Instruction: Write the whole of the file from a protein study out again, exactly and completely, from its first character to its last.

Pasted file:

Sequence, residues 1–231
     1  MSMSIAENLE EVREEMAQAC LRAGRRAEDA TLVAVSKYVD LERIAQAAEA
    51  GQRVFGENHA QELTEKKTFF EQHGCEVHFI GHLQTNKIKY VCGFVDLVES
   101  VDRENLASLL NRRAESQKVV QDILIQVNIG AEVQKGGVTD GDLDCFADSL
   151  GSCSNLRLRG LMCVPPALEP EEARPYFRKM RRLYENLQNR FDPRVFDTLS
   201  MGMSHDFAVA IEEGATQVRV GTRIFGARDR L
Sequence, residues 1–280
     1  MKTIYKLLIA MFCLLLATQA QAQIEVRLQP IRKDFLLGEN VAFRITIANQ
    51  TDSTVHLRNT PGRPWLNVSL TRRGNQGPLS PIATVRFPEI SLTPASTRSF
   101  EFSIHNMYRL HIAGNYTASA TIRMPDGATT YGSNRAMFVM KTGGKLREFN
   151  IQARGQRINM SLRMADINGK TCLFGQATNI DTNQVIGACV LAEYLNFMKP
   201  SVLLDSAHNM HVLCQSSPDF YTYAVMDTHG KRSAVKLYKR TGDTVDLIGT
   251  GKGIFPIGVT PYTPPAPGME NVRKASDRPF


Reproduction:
Sequence, residues 1–231
     1  MSMSIAENLE EVREEMAQAC LRAGRRAEDA TLVAVSKYVD LERIAQAAEA
    51  GQRVFGENHA QELTEKKTFF EQHGCEVHFI GHLQTNKIKY VCGFVDLVES
   101  VDRENLASLL NRRAESQKVV QDILIQVNIG AEVQKGGVTD GDLDCFADSL
   151  GSCSNLRLRG LMCVPPALEP EEARPYFRKM RRLYENLQNR FDPRVFDTLS
   201  MGMSHDFAVA IEEGATQVRV GTRIFGARDR L
Sequence, residues 1–280
     1  MKTIYKLLIA MFCLLLATQA QAQIEVRLQP IRKDFLLGEN VAFRITIANQ
    51  TDSTVHLRNT PGRPWLNVSL TRRGNQGPLS PIATVRFPEI SLTPASTRSF
   101  EFSIHNMYRL HIAGNYTASA TIRMPDGATT YGSNRAMFVM KTGGKLREFN
   151  IQARGQRINM SLRMADINGK TCLFGQATNI DTNQVIGACV LAEYLNFMKP
   201  SVLLDSAHNM HVLCQSSPDF YTYAVMDTHG KRSAVKLYKR TGDTVDLIGT
   251  GKGIFPIGVT PYTPPAPGME NVRKASDRPF